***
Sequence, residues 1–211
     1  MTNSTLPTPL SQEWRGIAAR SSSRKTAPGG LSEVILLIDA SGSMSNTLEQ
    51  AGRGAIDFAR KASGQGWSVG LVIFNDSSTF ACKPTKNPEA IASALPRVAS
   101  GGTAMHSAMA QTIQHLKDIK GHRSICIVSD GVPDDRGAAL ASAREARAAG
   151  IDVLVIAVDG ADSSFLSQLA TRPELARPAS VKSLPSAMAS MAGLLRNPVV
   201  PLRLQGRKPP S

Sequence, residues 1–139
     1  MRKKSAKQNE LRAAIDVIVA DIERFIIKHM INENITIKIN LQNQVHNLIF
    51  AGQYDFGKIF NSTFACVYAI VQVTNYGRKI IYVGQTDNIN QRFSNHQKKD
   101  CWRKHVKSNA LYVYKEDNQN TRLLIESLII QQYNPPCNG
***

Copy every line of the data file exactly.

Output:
Sequence, residues 1–211
     1  MTNSTLPTPL SQEWRGIAAR SSSRKTAPGG LSEVILLIDA SGSMSNTLEQ
    51  AGRGAIDFAR KASGQGWSVG LVIFNDSSTF ACKPTKNPEA IASALPRVAS
   101  GGTAMHSAMA QTIQHLKDIK GHRSICIVSD GVPDDRGAAL ASAREARAAG
   151  IDVLVIAVDG ADSSFLSQLA TRPELARPAS VKSLPSAMAS MAGLLRNPVV
   201  PLRLQGRKPP S

Sequence, residues 1–139
     1  MRKKSAKQNE LRAAIDVIVA DIERFIIKHM INENITIKIN LQNQVHNLIF
    51  AGQYDFGKIF NSTFACVYAI VQVTNYGRKI IYVGQTDNIN QRFSNHQKKD
   101  CWRKHVKSNA LYVYKEDNQN TRLLIESLII QQYNPPCNG